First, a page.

by NATO Deputy Secretary General Mircea Geoană at NATO - Indo-Pacific Conference
Good morning from the NATO Headquarters in Brussels.
Many thanks to the Ministry of Foreign Affairs of Lithuania for organising this very important conference, together with the German Marshall Fund, in the run-up to the Vilnius Summit this coming July.
We live in a more dangerous and competitive world. Our values of freedom, of democracy, and the rule of law are under pressure. Russia’s war of aggression against Ukraine grinds on. Authoritarian regimes in Moscow, Beijing and elsewhere are openly challenging the rules-based international order. And security threats - from terrorism to nuclear proliferation, cyber-attacks and climate change - are rising.
These common challenges require a common response. This is why NATO is deepening our partnerships, including with our highly-valued Indo-Pacific partners - Australia, Japan, New Zealand and South Korea.
These countries may be far away from Alliance territory. But as our NATO Secretary General Jens Stoltenberg said, security is not regional, it is global. Transatlantic security matters for Asian-Pacific security, and vice-versa.
Last year, for the first time together, the leaders of our four Indo-Pacific partners took part together in our historic Summit in Madrid. I look forward to welcoming them to the next Vilnius Summit next July.
Just a few weeks ago, we welcomed representatives from each of these countries to our Foreign Ministers’ meeting at the NATO Headquarters.
This high level of engagement is a testament to our deepening ties. Together, we are responding to Russia’s war of aggression against Ukraine, and its global repercussions.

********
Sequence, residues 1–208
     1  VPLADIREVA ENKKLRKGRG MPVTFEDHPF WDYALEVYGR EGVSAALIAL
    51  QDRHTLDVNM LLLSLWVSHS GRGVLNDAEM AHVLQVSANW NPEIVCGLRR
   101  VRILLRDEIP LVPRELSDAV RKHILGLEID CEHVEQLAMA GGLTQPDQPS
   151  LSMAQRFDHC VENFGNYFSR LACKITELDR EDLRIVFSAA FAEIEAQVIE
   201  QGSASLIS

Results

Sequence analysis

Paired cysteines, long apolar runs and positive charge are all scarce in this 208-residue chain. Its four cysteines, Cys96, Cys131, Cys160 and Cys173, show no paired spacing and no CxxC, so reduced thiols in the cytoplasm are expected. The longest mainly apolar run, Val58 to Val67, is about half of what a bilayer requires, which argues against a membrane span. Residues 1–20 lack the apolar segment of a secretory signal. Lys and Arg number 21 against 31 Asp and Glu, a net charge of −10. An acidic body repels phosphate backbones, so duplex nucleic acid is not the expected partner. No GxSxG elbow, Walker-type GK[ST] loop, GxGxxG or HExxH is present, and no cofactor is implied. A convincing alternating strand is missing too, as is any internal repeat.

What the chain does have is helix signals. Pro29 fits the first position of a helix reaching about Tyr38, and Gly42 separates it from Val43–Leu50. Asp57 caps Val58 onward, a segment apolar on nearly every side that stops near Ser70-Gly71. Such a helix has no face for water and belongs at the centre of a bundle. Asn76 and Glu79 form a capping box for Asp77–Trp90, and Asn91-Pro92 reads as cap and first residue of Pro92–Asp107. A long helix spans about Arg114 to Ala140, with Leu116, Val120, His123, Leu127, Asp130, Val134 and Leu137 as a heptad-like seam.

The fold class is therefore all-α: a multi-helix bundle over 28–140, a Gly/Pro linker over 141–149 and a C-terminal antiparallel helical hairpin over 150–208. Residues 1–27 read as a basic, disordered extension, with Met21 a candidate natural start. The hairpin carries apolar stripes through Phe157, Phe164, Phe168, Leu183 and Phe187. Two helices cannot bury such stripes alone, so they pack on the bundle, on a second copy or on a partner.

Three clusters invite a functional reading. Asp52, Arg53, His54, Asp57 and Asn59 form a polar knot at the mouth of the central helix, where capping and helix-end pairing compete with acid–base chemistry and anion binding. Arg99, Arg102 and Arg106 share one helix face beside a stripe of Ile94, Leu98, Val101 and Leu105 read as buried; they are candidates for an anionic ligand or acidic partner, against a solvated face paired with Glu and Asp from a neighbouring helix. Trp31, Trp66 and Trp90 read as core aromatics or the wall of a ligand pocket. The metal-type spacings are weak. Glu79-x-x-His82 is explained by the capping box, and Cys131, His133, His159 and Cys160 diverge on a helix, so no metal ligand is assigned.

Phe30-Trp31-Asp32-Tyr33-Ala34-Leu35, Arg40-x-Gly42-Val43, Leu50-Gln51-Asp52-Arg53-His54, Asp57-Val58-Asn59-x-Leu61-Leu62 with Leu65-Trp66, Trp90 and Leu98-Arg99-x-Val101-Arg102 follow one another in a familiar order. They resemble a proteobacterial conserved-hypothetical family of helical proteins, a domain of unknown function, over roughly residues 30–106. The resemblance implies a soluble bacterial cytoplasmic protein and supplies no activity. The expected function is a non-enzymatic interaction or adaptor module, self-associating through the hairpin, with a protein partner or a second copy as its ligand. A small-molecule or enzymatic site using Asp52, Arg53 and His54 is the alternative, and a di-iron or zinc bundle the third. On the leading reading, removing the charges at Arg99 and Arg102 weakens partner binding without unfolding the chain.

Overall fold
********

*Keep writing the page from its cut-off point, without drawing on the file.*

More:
And we are supporting Ukraine’s right to self-defence, enshrined in the UN Charter. To ensure it prevails as a sovereign, independent nation in Europe. But also to make it clear to Putin and other authoritarian leaders that aggression does not work, and that using force leads to failure.
China is watching closely. And learning lessons that may influence its future decisions.
China is not our adversary, but its assertive behaviour and coercive policies challenge our values, our interests and our security. In the Euro-Atlantic. In the Indo-Pacific. From outer space to cyber-space, and through the use of new technologies.
Beijing is using all the tools in its toolbox – political, economic, military, diplomatic – to put pressure on all our countries. So we must remain vigilant, and strengthen our resilience.
The growing alignment of Russia and China is also a concern. President Xi’s recent trip to Moscow confirms the deepening strategic partnership between the two countries.
China refuses to condemn Russia’s its unjust and unprovoked war against Ukraine. Instead, it seeks to maintain the appearance of a carefully balanced neutrality, while also amplifying Russia’s false narratives and disinformation.
So it is important for democratic countries around the world to stand together. And the more global the challenges – like climate change, terrorism or arms proliferation – the more global our approach needs to be.
This is why NATO is stepping up our partnerships with Australia, Japan, New Zealand and the Republic of Korea, and other like-minded partners across the world.
To tackle shared challenges. Uphold the rules-based international order. And yes, to preserve peace.
Thank you so much for the occasion to address you, and I wish you a very productive conference. And we’re working hard to yet another exceptionally successful Summit in Vilnius next July.